Introduction to Classic Rock
Classic Rock – Influence on Culture
The 1980s started on a sad note with the tragic assassination of John Lennon by a deranged fan, Mark Chapman, right after he launched a new solo album Double Fantasy. The biggest influence on music in the 80s was the introduction of MTV which became part of the telecast of over 300 cable TV networks in America, expanding up to 2,000 by 1983. VH1 was introduced in 1984 and was more closely aligned to the classic rock-loving audience.
Classic rock music became very expressive and music videos became the “in” thing. More bands evolved and were able to break through with their own music styles by shooting music videos which gained critical acclaim. Also, new genres like hip-hop and rap became more popular with acts like Run DMC, LL Cool J and Queen Latifah. Heavy metal was also became prevalent with bands like Motley Crue and Ozzy Osbourne coming at the forefront of its proliferation.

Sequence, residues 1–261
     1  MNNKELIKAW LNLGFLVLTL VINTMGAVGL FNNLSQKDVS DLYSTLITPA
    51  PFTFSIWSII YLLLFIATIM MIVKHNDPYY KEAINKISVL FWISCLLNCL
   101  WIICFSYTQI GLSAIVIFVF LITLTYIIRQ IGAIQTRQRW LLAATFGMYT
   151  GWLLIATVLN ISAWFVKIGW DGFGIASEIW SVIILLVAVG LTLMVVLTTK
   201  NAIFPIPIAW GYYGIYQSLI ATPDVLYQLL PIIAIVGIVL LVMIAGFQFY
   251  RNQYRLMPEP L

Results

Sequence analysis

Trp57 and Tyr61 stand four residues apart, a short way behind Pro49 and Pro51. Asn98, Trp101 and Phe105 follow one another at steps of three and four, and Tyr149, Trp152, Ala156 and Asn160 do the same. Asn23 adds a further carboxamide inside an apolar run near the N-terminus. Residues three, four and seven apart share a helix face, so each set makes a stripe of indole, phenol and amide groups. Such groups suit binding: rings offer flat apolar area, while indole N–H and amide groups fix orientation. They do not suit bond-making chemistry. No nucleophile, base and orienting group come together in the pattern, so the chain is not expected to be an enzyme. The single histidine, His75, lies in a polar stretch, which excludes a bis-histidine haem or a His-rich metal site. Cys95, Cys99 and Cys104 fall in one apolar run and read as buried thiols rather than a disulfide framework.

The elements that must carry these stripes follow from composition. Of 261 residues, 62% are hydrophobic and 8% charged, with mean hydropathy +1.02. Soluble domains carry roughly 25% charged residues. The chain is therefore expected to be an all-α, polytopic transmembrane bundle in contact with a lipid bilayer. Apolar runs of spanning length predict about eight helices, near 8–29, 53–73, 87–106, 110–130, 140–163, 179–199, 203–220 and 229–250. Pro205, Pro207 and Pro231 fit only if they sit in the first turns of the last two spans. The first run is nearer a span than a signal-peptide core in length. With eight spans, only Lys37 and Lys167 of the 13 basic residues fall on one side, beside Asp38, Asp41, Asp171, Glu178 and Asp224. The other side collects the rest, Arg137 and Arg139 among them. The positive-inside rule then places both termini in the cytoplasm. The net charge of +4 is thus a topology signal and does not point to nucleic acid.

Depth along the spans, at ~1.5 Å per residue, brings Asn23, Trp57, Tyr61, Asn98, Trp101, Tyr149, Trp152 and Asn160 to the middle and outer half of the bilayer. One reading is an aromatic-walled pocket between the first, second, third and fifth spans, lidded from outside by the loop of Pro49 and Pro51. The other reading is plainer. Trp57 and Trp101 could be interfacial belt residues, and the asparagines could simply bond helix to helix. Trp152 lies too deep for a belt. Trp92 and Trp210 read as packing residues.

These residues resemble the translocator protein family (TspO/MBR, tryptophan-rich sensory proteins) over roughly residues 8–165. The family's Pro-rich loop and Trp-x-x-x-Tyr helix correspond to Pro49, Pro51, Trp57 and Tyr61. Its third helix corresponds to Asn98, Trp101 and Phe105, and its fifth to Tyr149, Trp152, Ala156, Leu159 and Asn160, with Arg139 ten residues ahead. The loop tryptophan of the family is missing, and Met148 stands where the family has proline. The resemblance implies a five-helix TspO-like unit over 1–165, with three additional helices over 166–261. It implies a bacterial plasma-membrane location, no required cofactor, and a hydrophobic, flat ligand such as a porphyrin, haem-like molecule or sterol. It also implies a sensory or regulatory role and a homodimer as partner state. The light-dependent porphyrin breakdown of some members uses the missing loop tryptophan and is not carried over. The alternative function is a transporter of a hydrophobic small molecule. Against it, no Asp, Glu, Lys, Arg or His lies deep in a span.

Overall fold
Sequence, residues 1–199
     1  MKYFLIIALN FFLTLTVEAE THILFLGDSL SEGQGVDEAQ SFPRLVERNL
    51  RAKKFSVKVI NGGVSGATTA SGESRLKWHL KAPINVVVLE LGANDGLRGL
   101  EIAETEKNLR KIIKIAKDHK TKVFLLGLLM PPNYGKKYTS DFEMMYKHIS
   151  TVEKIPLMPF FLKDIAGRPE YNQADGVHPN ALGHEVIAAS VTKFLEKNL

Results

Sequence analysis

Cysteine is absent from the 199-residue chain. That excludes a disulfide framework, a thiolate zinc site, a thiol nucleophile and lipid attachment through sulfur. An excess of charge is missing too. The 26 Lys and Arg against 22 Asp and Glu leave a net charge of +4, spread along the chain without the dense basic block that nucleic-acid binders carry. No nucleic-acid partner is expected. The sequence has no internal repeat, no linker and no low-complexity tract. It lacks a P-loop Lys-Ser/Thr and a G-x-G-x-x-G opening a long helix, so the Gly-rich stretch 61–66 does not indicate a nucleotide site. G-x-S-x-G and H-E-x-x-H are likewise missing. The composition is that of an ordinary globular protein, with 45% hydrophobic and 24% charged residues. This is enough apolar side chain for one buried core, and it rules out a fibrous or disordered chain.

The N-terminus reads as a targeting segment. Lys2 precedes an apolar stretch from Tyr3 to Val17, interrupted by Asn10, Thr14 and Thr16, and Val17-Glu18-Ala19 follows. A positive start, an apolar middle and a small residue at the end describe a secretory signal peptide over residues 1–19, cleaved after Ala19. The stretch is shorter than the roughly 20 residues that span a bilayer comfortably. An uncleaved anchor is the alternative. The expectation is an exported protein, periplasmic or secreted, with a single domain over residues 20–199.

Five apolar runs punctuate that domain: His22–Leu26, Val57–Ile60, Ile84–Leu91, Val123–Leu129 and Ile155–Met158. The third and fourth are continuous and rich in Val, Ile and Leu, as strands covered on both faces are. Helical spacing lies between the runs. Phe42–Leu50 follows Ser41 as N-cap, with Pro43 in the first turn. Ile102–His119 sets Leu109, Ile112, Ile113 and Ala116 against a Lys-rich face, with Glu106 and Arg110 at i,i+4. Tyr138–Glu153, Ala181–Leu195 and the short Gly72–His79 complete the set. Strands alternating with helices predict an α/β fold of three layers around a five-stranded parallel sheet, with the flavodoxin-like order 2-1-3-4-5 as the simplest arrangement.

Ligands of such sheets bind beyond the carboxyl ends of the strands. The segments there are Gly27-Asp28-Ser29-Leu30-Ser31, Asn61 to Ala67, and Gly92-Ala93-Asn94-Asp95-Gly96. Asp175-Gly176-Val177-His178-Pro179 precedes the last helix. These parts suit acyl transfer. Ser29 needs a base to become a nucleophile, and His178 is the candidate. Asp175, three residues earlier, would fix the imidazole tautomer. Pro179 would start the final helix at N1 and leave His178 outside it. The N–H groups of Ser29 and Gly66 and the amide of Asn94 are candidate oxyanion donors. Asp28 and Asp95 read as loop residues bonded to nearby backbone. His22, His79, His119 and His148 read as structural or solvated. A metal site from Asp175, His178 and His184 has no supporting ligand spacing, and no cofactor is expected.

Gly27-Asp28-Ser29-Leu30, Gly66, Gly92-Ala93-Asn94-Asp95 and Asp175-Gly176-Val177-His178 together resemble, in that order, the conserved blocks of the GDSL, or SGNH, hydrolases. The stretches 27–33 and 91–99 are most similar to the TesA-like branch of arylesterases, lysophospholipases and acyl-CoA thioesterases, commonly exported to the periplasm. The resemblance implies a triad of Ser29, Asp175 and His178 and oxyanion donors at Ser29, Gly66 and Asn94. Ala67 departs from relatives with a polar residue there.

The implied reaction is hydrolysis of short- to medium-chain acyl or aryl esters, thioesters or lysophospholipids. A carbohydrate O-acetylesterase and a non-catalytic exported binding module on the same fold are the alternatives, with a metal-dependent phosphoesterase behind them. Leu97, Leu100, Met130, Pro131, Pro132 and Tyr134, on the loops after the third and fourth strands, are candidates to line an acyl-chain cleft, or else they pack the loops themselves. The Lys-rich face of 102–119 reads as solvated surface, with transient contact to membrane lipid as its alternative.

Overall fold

By now, even some classic rock legends like The Rolling Stones became even bigger than ever and went on to amass over $50 million from tours in a single year (particularly their hugely successful American Tour in 1981). Technological developments also come to light, with vinyl records giving way to compact discs (CDs).
By the mid-1980s, “classic rock” had become widespread as a radio format, having been tailored to a demographic that covered adult males, particularly those in the age ranges of 25 to 34. As this format’s listening audience aged, however, the demographic shifted to cater older age groups.
The 80s also marked an important period for AC/DC, one of the classic rock groups who released their first song with Brian Johnson after the death of their former lead singer Bon Scott. This song, entitled “You Shook Me All Night Long” marked the beginning of future successes for the grief-stricken band.